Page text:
Speaking of Korea, I heard form Albert today, he has been reading my latest missives and sending me lovely messages. He’s a great bloke, as you know. Then again, he would be, he’s a good “Norn Irn” boy (go on, say that in a Belfast accent!) so what do you expect?

      I am so glad you have made tentative plans for the meet for next year and I do hope it will go ahead although I doubt we’ll be back to anything like normality by then and I agree that there is a better than evens chance that some friends won’t be able to travel without completely impractical quarantine periods being imposed. There is not much point in coming to UK for a long weekend and having to pay for a hotel room to sit in and do nothing for two weeks prior to it.

      As for the cataract operation, I am not in the least concerned about it, I just wish they would get the damned thing done. I am actually noticing it a lot when I go to the Doctor’s in this sunny weather. If it is very bright I am virtually blind, especially looking into the sun, it is definitely deteriorating. If my “good” eye (which has a cataract as well) starts to go then I am Royally screwed.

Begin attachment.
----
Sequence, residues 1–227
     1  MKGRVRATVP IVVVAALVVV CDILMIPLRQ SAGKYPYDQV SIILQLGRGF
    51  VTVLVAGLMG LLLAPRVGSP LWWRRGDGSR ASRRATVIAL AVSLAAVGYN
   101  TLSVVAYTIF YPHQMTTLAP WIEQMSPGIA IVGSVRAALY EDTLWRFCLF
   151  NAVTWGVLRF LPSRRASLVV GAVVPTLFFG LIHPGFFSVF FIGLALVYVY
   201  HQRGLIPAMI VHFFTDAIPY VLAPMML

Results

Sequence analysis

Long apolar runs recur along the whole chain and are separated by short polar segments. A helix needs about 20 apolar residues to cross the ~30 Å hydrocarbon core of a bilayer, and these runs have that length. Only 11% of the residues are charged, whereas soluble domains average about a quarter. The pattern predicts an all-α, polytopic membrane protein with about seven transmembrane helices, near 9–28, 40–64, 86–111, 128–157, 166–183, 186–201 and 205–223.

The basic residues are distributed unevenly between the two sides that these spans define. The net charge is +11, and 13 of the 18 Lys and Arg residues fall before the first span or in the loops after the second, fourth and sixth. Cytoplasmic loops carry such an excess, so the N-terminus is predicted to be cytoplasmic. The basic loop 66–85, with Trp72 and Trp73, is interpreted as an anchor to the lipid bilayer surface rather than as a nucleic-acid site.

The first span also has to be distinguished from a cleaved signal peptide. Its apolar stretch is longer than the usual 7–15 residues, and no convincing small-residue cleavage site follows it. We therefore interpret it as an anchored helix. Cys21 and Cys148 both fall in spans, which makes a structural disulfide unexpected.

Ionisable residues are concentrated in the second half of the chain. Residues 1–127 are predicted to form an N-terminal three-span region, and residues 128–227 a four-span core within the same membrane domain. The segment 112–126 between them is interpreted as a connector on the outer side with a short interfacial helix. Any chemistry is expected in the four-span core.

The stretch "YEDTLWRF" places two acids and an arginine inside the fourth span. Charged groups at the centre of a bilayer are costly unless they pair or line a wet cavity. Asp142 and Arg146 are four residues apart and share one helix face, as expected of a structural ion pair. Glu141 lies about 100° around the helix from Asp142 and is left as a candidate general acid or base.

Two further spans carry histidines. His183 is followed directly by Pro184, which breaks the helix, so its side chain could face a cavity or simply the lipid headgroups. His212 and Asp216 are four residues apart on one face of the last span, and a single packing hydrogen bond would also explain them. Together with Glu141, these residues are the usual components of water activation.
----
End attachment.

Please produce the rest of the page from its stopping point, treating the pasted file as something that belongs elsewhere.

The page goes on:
Enough for now, I do hope you enjoy my latest inanities, there is a shedload more to come, I am about a month behind as usual and my recent computer death did not help. Still, I am back and firing on all cylinders (from the waist up anyway) so there will hopefully be plenty more in the near future. It’s not as if I have anything else to do!

      Speak soon,


      Liked by 1 person

      1. Thanks so much for those kind words about my efforts – it’s nice to have them so appreciated 🙂 We will have to see what can be salvaged of the Euromeet, if anything, but on the plus side all my planned venues are happy to downsize if necessary and still honour the booking at the same price per person (or at least, they were the last time I was able to speak to them!) Meanwhile I’m talking to Colin and a few others about a possible London mini-meet in October if things are relaxed enough by then – I’ll keep you posted of course!


        1. Lovely mate.